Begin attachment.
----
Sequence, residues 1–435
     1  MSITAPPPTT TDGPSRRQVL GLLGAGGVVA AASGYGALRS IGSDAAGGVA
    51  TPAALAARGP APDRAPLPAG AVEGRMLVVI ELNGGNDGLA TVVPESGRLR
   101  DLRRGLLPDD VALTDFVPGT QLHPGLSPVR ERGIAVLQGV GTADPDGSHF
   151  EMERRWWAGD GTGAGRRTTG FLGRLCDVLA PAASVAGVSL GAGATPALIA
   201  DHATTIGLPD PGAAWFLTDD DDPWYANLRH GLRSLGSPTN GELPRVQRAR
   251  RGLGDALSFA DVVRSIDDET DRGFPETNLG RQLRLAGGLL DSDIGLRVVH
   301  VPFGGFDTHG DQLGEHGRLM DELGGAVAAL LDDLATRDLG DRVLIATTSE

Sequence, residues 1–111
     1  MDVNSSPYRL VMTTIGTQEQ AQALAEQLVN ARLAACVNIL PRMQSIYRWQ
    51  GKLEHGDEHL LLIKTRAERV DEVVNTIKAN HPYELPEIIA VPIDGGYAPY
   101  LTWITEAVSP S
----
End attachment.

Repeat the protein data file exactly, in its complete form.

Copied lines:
Sequence, residues 1–435
     1  MSITAPPPTT TDGPSRRQVL GLLGAGGVVA AASGYGALRS IGSDAAGGVA
    51  TPAALAARGP APDRAPLPAG AVEGRMLVVI ELNGGNDGLA TVVPESGRLR
   101  DLRRGLLPDD VALTDFVPGT QLHPGLSPVR ERGIAVLQGV GTADPDGSHF
   151  EMERRWWAGD GTGAGRRTTG FLGRLCDVLA PAASVAGVSL GAGATPALIA
   201  DHATTIGLPD PGAAWFLTDD DDPWYANLRH GLRSLGSPTN GELPRVQRAR
   251  RGLGDALSFA DVVRSIDDET DRGFPETNLG RQLRLAGGLL DSDIGLRVVH
   301  VPFGGFDTHG DQLGEHGRLM DELGGAVAAL LDDLATRDLG DRVLIATTSE

Sequence, residues 1–111
     1  MDVNSSPYRL VMTTIGTQEQ AQALAEQLVN ARLAACVNIL PRMQSIYRWQ
    51  GKLEHGDEHL LLIKTRAERV DEVVNTIKAN HPYELPEIIA VPIDGGYAPY
   101  LTWITEAVSP S